1. Fairer Supply Chain – The negative response from BEIS/DEFRA to the widespread calls for an extension of the Groceries Code Adjudicator was a major missed opportunity to begin to eliminate unfair trading practices in the whole supply chain. Such an extension would have helped eliminate unfair dealing in the supply chain, so helping farmers and growers to better manage their businesses and provide decent conditions for workers. We urge the Committee to propose a rethink of this decision. An integrated policy goal should be to deliver a real Living Wage or above to all working in the food system and this would be needed to deliver that goal. The key structural issues outlined above – where UK workers are unable to fit the kind of demands of the current 24/7 industry - around a decent home life need to be addressed.
  2. Promoting quality jobs via farm diversity and peri-urban food systems– evidence from across Europe and in the UK confirms that smaller farm holdings are more labour-intensive than larger ones. Recent work by Coventry University and the Landworkers alliance highlights how a diverse and vibrant sector of small farms is providing employment, attracting new entrants and incubating entrepreneurs. The authors also argue that an increase in the number of small, agroecological market gardens, especially in peri-urban areas, could help reduce the trade gap for fruit and vegetables, while providing pleasant and meaningful all year-round local employment for local people. Anecdotal evidence we have heard backs up this evidence. Furthermore, respondents in the survey suggested that the health and environmental advantages of vegetables and fruit being produced near to point of consumption and sold directly include freshness, less waste and potentially lower greenhouse emissions emitted in transport.
  3. Measuring workforce and enforcing standards - It is worrying that we do not precisely know how many work in agri-food in the UK. Criminality in the gang master sector is high given the potential gains to be made and the lack of enforcement of employment law. Looking at farming, according to Defra’s 2015 figures there are 476,000 people employed on agricultural holdings across the UK. Of these, they estimate 67,000 are seasonal. The NFU believe the data provided by Defra may be a significant underestimate. We need better measurement and far more resources to enforce labour standards to eliminate slavery and end worker abuse in the UK food system.  A further consideration should be the numbers working overseas to provide food for the UK. Exposés on slavery in the food system are becoming increasingly frequent so we should ensure - via stronger modern slavery rules on action and reporting by companies - to ensure we are not using or importing food produced involving abused/slave labour. In addition we need to promote fair trade particularly in public food procurement.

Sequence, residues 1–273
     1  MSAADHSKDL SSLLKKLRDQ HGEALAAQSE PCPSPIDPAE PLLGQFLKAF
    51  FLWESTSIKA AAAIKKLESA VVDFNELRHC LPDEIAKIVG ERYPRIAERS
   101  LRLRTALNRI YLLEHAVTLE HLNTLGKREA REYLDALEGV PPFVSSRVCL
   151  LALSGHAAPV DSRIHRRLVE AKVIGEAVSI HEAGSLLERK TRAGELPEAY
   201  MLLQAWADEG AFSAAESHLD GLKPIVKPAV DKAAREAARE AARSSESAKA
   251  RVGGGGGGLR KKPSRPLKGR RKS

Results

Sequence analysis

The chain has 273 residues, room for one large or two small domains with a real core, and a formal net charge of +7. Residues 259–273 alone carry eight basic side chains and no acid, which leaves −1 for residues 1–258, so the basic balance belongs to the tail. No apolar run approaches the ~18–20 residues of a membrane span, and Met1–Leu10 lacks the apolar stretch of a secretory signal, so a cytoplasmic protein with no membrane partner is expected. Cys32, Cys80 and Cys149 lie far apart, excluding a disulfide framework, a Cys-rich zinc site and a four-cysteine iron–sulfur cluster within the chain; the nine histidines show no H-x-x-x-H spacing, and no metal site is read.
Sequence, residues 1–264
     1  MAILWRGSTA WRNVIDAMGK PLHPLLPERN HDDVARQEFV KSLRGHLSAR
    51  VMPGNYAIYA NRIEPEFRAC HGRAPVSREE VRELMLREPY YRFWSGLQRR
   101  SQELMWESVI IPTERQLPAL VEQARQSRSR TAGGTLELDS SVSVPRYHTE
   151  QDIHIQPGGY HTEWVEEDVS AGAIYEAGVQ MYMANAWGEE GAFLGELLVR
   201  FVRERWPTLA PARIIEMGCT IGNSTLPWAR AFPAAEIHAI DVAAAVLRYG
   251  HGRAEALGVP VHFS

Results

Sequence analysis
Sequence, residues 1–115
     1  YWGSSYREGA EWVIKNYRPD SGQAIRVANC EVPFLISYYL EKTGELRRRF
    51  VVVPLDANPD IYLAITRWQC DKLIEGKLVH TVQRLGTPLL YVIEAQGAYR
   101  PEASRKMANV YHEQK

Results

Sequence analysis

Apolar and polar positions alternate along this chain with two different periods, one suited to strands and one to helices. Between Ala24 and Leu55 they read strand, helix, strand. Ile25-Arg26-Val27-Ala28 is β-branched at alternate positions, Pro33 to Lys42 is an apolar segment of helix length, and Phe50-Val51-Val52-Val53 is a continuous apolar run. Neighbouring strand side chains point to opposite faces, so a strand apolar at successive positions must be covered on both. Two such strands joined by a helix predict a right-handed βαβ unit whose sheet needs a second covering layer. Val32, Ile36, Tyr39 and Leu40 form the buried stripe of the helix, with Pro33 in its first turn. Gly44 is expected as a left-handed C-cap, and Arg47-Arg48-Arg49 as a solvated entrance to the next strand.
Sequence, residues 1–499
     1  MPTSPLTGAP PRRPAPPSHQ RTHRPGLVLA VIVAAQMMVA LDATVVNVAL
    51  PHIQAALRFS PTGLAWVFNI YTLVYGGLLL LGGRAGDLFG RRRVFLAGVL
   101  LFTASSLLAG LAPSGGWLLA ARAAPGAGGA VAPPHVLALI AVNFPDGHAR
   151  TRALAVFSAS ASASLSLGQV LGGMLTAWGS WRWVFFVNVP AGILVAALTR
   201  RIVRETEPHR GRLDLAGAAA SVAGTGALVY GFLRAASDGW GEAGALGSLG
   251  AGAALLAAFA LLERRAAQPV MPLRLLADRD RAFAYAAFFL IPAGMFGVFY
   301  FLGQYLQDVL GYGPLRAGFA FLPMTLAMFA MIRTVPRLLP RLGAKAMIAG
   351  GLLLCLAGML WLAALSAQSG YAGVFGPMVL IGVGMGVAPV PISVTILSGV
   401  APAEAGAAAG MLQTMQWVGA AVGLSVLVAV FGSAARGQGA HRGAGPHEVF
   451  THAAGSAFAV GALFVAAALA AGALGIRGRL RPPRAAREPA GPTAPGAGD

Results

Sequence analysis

2)Creating attractive and worthwhile employment

  1. The annual agricultural census from June 2016 – to June 2017 shows that the number of casual farm workers rose by 10.3% to 48,000. Regular full time workers fell by 3.7% to 45,000 employees. These figures confirm the trend towards increasing casualisation of labour and precarity in agriculture. Despite some rise in higher skilled contract work this reflects a trend towards poorly valuing farm work and this makes an unattractive prospect coupled with other issues such as isolation, housing and transport costs. 
  2. Instead we should be putting value into farming work. We have been concerned for some time that an opportunity is being missed to use public and market tools to create an attractive employment option for UK workers in farming and land management. Sustain’s 2016 report Agriculture Labour in the UK with the Food Research Collaboration at City University London, highlighted the need to invest in better food production and marketing which creates rewarding employment, rather than simply promoting agri-technology and encouraging trade patterns that tend to import high-labour products and export low-labour products.